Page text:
Megakaryocytes in myeloproliferative neoplasms have unique somatic mutations

Belinda B. Guo, Richard J. Allcock, Bob Mirzai, Jacques A. Malherbe, Fizzah A. Choudry, Mattia Frontini, Hun Chuah, James Liang, Simon E. Kavanagh, Rebecca Howman, Willem H. Ouwehand, Kathryn A. Fuller, Wendy Erber

Research output: Contribution to journalArticle

Abstract

Myeloproliferative neoplasms (MPNs) are a group of related clonal hemopoietic stem cell disorders associated with hyperproliferation of myeloid cells. They are driven by mutations in the hemopoietic stem cell, most notably JAK2V617F, CALR, and MPL. Clinically, they have the propensity to progress to myelofibrosis and transform to acute myeloid leukemia. Megakaryocytic hyperplasia with abnormal features are characteristic, and it is thought that these cells stimulate and drive fibrotic progression. The biological defects underpinning this remain to be explained. In this study we examined the megakaryocyte genome in 12 patients with MPNs to determine whether there are somatic variants and whether there is any association with marrow fibrosis. We performed targeted next-generation sequencing for 120 genes associated with myeloid neoplasms on megakaryocytes isolated from aspirated bone marrow. Ten of the 12 patients had genomic defects in megakaryocytes that were not present in nonmegakaryocytic hemopoietic marrow cells from the same patient. The greatest allelic burden was in patients with increased reticulin deposition. The megakaryocyte-unique mutations were predominantly in genes that regulate chromatin remodeling, chromosome alignment, and stability. These findings show that genomic abnormalities are present in megakaryocytes in MPNs and that these appear to be associated with progression to bone marrow fibrosis.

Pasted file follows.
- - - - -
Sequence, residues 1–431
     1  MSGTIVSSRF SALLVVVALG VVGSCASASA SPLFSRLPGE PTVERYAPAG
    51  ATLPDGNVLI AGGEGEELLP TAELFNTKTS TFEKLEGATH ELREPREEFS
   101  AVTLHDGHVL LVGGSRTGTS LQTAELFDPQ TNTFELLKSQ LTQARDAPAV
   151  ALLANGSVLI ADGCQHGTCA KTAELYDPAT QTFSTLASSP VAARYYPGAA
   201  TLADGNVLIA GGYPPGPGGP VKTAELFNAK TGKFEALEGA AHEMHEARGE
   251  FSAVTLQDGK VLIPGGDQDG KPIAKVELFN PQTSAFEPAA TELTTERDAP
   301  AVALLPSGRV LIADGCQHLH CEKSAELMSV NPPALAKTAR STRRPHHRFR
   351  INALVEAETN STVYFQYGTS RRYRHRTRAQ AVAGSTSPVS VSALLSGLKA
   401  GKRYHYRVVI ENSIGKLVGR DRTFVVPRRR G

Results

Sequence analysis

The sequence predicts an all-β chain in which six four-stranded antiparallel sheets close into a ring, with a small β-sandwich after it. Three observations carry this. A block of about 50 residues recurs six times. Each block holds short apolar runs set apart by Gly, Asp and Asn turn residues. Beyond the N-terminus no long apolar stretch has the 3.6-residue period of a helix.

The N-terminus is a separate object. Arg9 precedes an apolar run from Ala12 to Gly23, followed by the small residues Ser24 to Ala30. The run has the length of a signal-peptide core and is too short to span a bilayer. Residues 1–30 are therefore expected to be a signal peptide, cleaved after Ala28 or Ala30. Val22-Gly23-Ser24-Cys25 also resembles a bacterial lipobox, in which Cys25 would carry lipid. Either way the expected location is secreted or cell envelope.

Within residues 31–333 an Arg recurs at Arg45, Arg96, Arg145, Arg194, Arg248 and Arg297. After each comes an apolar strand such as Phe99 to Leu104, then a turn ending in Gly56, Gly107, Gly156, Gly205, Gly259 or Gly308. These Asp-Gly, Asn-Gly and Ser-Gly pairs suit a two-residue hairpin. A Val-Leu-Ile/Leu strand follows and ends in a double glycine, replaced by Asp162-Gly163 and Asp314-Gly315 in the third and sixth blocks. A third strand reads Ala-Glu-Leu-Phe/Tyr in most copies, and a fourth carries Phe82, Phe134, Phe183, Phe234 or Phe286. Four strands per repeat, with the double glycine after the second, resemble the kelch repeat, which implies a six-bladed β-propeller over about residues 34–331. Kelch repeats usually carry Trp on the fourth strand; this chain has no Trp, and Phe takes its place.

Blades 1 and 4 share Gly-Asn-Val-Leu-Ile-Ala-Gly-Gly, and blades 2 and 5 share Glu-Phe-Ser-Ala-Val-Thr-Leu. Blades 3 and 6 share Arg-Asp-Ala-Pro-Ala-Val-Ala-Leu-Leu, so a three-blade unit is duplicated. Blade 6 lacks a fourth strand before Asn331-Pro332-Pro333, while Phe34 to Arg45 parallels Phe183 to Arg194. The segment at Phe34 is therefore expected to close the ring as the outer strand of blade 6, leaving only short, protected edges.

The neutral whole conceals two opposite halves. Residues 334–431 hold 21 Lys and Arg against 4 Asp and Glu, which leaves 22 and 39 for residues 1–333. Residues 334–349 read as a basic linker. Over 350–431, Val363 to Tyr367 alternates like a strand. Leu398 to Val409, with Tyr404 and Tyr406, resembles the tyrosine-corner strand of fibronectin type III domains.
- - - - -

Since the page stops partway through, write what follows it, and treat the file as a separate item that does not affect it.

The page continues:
Original languageEnglish
Pages (from-to)1512–1522
JournalThe American Journal of Pathology
Volume187
Issue number7
DOIs
Publication statusPublished - Jul 2017

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Megakaryocytes
Mutation
Primary Myelofibrosis
Bone Marrow
Neoplasms
Stem Cells
Reticulin
Chromosomal Instability
Chromatin Assembly and Disassembly
Myeloid Cells
Acute Myeloid Leukemia
Genes
Hyperplasia
Fibrosis
Genome

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Guo, Belinda B. ; Allcock, Richard J. ; Mirzai, Bob ; Malherbe, Jacques A. ; Choudry, Fizzah A. ; Frontini, Mattia ; Chuah, Hun ; Liang, James ; Kavanagh, Simon E. ; Howman, Rebecca ; Ouwehand, Willem H. ; Fuller, Kathryn A. ; Erber, Wendy. / Megakaryocytes in myeloproliferative neoplasms have unique somatic mutations. In: The American Journal of Pathology. 2017 ; Vol. 187, No. 7. pp. 1512–1522.